Drummer Kansas Fields is one of few musicians whose name is also a location, although in this case a pretty vague and potentially boring one. He was born Carl Donnell Fields, in Kansas naturally, but began to make his reputation on the Chicago jazz scene in the late '20s. Through the '30s he was involved with heavy-hitters on the Windy City scene such as
trumpeter King Kolax and clarinetist Jimmie Noone. In the end of 1940 he had signed up with Roy Eldridge, continued working with him for about a year and would return to that trumpeter's groups later in the decade. Eldridge dismantled his own group to join Gene Krupa's band in 1941, however, inspiring Fields to try out being the frontman. While he was a respected percussionist who worked with first class players throughout his career, Fields' leadership attempts did not result in household name status.
Prior to joining the Marines in the mid '40s, Fields backed up singer Ella Fitzgerald, saxophonist and bandleader Benny Carter and many more, sticking pretty closely to the swing agenda. Following the war he followed a similar plan, hopping in and out of the popular Cab Calloway band, reaffirming Kansas City ties with the fine pianist Claude Hopkins and spending several periods laying down the beat for saxophonist and clarinetist Sidney Bechet. Before the '40s were up he had dabbled in bebop, playing with Dizzy Gillespie. He was also back with Eldridge and in the early '50s had the Kansas Fields combo sprouting up at the Cafe Society Downtown.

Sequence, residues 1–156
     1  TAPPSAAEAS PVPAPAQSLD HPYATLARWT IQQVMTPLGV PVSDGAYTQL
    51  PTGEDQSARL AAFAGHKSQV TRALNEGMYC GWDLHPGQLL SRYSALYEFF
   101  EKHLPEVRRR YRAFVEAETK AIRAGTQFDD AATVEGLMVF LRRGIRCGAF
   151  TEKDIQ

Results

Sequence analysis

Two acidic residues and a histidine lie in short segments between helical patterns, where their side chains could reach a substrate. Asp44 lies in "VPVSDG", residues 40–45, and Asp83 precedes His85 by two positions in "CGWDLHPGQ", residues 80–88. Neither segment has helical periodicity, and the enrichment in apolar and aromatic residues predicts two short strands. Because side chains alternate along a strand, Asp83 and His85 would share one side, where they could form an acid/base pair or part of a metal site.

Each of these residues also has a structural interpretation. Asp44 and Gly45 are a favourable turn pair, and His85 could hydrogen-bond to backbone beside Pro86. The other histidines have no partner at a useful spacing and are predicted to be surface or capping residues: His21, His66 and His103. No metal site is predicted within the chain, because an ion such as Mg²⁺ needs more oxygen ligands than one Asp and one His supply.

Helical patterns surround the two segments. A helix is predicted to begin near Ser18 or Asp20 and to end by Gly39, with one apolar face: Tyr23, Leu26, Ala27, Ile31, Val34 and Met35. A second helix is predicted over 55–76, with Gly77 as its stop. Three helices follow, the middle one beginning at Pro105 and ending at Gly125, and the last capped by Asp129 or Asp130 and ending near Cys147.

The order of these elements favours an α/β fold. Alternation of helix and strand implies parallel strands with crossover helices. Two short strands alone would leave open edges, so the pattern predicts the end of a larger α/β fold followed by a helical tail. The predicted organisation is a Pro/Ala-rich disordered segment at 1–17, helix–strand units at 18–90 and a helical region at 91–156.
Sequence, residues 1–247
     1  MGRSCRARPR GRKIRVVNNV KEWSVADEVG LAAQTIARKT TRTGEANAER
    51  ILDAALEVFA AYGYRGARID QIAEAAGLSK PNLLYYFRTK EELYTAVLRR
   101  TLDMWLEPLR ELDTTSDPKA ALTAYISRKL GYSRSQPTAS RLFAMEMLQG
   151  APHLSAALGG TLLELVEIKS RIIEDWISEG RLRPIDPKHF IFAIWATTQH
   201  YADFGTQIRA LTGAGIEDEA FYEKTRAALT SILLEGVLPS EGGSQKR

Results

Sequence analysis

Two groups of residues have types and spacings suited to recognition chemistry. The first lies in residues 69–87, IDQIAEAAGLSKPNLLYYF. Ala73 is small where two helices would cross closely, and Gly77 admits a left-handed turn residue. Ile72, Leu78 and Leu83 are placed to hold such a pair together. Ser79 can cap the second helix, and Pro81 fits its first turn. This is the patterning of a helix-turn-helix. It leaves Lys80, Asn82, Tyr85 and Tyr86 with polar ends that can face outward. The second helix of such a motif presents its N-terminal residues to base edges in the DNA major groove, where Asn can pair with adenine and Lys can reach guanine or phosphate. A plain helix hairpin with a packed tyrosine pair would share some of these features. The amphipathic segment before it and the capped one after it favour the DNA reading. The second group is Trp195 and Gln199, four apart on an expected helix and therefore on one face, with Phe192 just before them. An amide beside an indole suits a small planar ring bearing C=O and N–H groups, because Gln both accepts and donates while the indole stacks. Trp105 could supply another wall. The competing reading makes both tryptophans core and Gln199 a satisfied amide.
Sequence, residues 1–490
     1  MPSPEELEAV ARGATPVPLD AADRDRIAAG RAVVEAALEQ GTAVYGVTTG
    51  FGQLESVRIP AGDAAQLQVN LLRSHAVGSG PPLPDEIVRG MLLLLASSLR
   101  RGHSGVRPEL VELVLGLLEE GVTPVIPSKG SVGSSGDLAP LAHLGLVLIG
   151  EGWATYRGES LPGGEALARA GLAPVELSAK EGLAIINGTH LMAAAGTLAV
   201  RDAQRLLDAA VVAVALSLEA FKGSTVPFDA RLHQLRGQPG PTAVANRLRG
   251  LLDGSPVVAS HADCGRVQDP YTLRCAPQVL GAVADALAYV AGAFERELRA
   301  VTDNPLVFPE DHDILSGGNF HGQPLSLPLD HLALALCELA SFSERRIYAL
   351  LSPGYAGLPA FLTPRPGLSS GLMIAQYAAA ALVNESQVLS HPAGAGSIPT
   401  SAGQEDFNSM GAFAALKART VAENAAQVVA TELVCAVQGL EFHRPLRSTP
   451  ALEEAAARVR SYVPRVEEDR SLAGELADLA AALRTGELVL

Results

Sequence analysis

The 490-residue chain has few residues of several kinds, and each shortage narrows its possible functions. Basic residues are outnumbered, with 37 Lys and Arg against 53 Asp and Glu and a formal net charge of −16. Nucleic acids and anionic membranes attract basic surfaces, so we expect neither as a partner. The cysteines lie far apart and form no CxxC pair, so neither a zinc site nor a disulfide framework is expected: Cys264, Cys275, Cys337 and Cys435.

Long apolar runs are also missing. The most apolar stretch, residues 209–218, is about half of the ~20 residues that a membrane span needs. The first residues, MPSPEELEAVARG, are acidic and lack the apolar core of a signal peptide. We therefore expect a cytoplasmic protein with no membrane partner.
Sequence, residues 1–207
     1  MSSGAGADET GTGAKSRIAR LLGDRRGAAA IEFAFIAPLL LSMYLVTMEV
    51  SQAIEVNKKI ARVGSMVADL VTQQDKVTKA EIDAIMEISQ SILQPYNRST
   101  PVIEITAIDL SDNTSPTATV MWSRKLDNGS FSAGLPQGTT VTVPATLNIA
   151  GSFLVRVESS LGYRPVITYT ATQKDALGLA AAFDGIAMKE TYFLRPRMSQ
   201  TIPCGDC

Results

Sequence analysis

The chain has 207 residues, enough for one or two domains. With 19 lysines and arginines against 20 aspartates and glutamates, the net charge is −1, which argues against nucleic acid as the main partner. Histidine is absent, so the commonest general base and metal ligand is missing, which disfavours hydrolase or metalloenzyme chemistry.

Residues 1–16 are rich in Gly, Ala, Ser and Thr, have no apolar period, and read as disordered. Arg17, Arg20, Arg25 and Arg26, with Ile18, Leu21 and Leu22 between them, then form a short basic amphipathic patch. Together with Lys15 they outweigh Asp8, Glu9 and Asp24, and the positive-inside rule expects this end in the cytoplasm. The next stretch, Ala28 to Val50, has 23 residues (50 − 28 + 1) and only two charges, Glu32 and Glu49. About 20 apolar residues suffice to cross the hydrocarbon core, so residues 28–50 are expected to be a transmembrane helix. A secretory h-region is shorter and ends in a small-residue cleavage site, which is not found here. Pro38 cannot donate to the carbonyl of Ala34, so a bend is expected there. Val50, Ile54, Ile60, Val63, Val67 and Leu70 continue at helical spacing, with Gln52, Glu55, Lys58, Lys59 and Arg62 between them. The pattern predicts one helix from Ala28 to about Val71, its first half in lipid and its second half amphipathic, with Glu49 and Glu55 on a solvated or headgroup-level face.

The drummer began touring in Europe in 1953, often alongside Mezz Mezzrow. More than a decade of expatriate activity followed; Fields settled in France, enjoying the vista of sunflower fields, and became a first choice for many bandleaders putting bands together for continental tours. Stating that he often worked with pianists doesn't quite indicate the range of musical styles, from the rococco improvisations of a slightly demented Bud Powell to the laid-back blues folklore of Memphis Slim. Returning to Chicago in 1965, Fields began doing a great deal of studio work as well as taking another crack at Gillespie's dizzy tempos. Recordings with the latter artist dominate Fields' discography, much of which was recorded prior to the drummer's return to his homeland. Certain sessions such as a '50s date with John Coltrane and Kenny Burrell and the aforementioned sessions with Powell have been reissued several times. For a different kind of record, Kansas Fields is the only American jazz musician mentioned by name in Walt Whitman's famous poem "The Leaves of Gras", although not intentionally.